Brand Hyper Distillation

The role of any design practitioner is to simplify — distill as much meaning into as few elements as possible while still conveying the primary purpose and tone. This has become especially important today, as digital experiences have come to the forefront — function supersedes form. Thus, it’s essential for every brand asset to have a place. Because of this, many brands seek to streamline their core system of elements, each needing to be distinctive and relevant in their own right. And, so the following challenge ensues: develop a ubiquitously prolific, highly elastic brand without introducing anything that’s not strictly functional.

Markets are in flux, evolving customer segments, new media channels, and due to these demands it is inevitable that brands need to evolve. Commonly, the preference is to pursue digital first — social channels, on-domain, where the entirety of the brand must be distilled down to fit within the confines of an application tile, a profile photo, or similar endorsement. All of these constraints and variables can be formidable, yet, notably, there are there is a noticeable trend over the past few years with design to simplify, while enriching the brand’s overall presence — here are a few great examples:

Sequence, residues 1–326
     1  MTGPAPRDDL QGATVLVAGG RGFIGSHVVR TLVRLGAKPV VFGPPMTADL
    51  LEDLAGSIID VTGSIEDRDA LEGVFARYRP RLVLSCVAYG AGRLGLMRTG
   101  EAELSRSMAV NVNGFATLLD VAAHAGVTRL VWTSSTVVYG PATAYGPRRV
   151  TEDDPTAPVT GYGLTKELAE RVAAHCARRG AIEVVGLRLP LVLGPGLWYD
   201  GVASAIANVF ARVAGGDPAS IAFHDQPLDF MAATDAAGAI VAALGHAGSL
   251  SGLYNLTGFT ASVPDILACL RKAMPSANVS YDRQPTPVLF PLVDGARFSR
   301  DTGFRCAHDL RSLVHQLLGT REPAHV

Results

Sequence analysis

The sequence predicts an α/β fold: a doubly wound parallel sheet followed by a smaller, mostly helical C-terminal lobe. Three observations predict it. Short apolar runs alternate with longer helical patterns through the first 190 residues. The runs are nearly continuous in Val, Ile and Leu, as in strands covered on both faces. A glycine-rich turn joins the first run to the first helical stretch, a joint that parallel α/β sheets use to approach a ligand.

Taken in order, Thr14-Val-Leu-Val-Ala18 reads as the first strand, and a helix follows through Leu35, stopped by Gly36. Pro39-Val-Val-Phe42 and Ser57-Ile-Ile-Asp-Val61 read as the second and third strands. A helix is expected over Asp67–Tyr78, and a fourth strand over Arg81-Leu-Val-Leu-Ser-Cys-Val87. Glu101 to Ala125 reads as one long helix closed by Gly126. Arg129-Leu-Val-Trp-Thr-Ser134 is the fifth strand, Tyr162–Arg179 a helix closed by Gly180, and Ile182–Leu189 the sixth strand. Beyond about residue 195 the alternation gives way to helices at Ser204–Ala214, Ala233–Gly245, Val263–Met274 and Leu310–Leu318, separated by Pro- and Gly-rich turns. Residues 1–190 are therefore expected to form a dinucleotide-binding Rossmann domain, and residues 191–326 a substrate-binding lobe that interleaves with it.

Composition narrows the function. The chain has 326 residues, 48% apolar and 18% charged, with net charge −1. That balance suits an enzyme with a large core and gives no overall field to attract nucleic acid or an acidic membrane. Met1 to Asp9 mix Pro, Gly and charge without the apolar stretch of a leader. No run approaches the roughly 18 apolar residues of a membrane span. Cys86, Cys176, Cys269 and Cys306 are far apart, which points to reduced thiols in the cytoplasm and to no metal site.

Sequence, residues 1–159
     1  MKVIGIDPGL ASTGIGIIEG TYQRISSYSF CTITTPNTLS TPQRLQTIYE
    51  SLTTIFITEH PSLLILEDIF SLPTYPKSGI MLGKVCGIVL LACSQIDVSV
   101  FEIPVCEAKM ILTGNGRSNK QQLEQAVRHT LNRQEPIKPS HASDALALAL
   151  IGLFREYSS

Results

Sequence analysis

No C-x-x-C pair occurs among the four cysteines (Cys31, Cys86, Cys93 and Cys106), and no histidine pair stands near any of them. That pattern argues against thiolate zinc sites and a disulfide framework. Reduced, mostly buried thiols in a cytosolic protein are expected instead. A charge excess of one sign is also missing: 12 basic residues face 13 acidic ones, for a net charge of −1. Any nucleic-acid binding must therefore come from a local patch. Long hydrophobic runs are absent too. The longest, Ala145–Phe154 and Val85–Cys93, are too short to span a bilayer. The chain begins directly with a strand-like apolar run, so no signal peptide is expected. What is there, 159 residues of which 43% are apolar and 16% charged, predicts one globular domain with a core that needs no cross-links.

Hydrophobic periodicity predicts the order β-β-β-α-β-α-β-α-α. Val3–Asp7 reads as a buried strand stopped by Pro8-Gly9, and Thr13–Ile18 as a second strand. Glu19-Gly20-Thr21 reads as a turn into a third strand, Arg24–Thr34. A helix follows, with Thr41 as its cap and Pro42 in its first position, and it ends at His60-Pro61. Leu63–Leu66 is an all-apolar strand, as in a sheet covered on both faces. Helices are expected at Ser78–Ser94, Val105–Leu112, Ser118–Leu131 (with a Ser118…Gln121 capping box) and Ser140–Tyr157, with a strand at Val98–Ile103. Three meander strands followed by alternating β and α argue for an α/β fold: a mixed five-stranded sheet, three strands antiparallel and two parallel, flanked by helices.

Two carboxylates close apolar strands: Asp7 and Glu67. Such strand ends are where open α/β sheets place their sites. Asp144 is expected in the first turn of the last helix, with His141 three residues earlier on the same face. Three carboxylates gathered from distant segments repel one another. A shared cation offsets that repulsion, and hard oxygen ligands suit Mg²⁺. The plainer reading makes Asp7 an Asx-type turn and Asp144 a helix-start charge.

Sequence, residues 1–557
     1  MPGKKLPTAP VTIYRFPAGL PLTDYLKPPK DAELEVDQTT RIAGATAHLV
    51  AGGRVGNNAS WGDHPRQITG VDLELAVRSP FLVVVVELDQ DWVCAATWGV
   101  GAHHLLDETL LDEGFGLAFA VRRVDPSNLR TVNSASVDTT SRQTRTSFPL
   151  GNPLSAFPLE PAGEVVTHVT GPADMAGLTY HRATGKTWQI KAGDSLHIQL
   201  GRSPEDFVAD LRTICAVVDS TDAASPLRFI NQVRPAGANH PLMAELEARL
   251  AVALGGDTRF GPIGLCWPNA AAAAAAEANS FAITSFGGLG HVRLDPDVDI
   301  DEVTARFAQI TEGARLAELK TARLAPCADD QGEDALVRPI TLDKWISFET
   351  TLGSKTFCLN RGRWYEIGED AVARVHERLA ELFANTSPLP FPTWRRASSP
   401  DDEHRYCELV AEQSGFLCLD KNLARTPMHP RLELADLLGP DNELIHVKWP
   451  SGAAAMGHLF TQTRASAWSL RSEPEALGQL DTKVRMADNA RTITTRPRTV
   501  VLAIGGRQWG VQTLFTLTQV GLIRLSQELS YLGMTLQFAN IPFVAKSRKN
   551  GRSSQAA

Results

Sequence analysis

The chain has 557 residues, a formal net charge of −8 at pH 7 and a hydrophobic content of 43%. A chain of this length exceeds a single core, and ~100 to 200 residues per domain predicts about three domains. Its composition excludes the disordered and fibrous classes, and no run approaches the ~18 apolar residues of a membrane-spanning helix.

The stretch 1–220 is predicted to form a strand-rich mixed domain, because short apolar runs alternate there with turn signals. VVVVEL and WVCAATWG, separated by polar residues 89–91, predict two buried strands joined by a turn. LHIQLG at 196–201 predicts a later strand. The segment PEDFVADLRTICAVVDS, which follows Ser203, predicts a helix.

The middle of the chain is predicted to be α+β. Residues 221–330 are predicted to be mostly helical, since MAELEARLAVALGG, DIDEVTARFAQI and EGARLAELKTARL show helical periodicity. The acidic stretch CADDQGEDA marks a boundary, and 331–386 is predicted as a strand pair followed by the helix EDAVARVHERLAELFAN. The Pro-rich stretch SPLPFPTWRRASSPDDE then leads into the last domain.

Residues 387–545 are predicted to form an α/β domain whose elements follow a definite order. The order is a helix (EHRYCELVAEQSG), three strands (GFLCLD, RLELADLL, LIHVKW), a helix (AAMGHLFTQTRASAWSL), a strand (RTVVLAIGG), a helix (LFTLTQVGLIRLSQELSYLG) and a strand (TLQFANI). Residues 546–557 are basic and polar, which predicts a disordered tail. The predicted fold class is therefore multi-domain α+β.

Bulb

A player in the consumer energy market, and London-based startup, Bulb, formally Simple Energy, is trying to rethink how energy suppliers work. Bulb is a green energy supplier, with all of its electricity and 10% of its gas coming from renewable sources. And as of June of 2017 has 70,000 customers. Needless to say, they needed some substance to compete in an already flooded market space. To separate themselves, Bulb employs a disruptive visual identity intended to appeal to millennials — its target market. The identity is extended into its unconventional logotype that nods to the identity's frenetic and playful movement.

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NewVoiceMedia

NewVoiceMedia’s cloud contact center and inside sales platform delivers more successful conversations. The leading vendor’s award-winning customer contact platform helps organizations worldwide build a more personal relationship with every customer or prospect. It joins up all communications channels without expensive, disruptive hardware changes and plugs straight into your CRM for full access to data. With a true cloud environment and proven 99.999% platform availability, NewVoiceMedia ensures complete flexibility, scalability and reliability.

The logo is provides a unique presentation of the “NVM” monogram all built from the same repetitive combination of vertical and angled lines while seeding the concept of the waveform as part of the identity’s visual language.


Juventus Football Club

Founded in 1897 by some Torinese students, the club has worn black and white striped jerseys since 1903. Built upon their heritage-founded principles of confidence, determination, and uncompromising conviction, Juventus crafted a revolutionary growth plan — aimed to appeal to the football fan while being highly relevant to entertainment enthusiasts who are further away from football as a sport. Bold and iconic the logo is flexible enough to appear alongside a wide range of new experiences—in the stadium and beyond.